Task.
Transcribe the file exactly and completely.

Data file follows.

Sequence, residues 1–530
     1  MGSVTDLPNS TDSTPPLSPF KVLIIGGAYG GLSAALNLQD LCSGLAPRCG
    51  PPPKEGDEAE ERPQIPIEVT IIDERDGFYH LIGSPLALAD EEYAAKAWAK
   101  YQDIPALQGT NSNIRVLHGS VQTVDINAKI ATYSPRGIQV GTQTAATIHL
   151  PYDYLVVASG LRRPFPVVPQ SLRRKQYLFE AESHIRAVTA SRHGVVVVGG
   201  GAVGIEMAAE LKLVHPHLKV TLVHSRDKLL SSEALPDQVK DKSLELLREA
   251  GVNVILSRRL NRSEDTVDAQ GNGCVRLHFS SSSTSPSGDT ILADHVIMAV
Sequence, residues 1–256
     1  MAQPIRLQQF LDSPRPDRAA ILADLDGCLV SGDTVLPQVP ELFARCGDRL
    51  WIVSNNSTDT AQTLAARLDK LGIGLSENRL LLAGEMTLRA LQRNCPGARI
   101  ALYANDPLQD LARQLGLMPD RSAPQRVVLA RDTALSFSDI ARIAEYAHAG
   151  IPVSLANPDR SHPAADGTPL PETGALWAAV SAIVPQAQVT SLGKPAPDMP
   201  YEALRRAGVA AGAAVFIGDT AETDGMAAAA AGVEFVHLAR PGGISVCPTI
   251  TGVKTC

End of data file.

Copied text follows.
Sequence, residues 1–530
     1  MGSVTDLPNS TDSTPPLSPF KVLIIGGAYG GLSAALNLQD LCSGLAPRCG
    51  PPPKEGDEAE ERPQIPIEVT IIDERDGFYH LIGSPLALAD EEYAAKAWAK
   101  YQDIPALQGT NSNIRVLHGS VQTVDINAKI ATYSPRGIQV GTQTAATIHL
   151  PYDYLVVASG LRRPFPVVPQ SLRRKQYLFE AESHIRAVTA SRHGVVVVGG
   201  GAVGIEMAAE LKLVHPHLKV TLVHSRDKLL SSEALPDQVK DKSLELLREA
   251  GVNVILSRRL NRSEDTVDAQ GNGCVRLHFS SSSTSPSGDT ILADHVIMAV
Sequence, residues 1–256
     1  MAQPIRLQQF LDSPRPDRAA ILADLDGCLV SGDTVLPQVP ELFARCGDRL
    51  WIVSNNSTDT AQTLAARLDK LGIGLSENRL LLAGEMTLRA LQRNCPGARI
   101  ALYANDPLQD LARQLGLMPD RSAPQRVVLA RDTALSFSDI ARIAEYAHAG
   151  IPVSLANPDR SHPAADGTPL PETGALWAAV SAIVPQAQVT SLGKPAPDMP
   201  YEALRRAGVA AGAAVFIGDT AETDGMAAAA AGVEFVHLAR PGGISVCPTI
   251  TGVKTC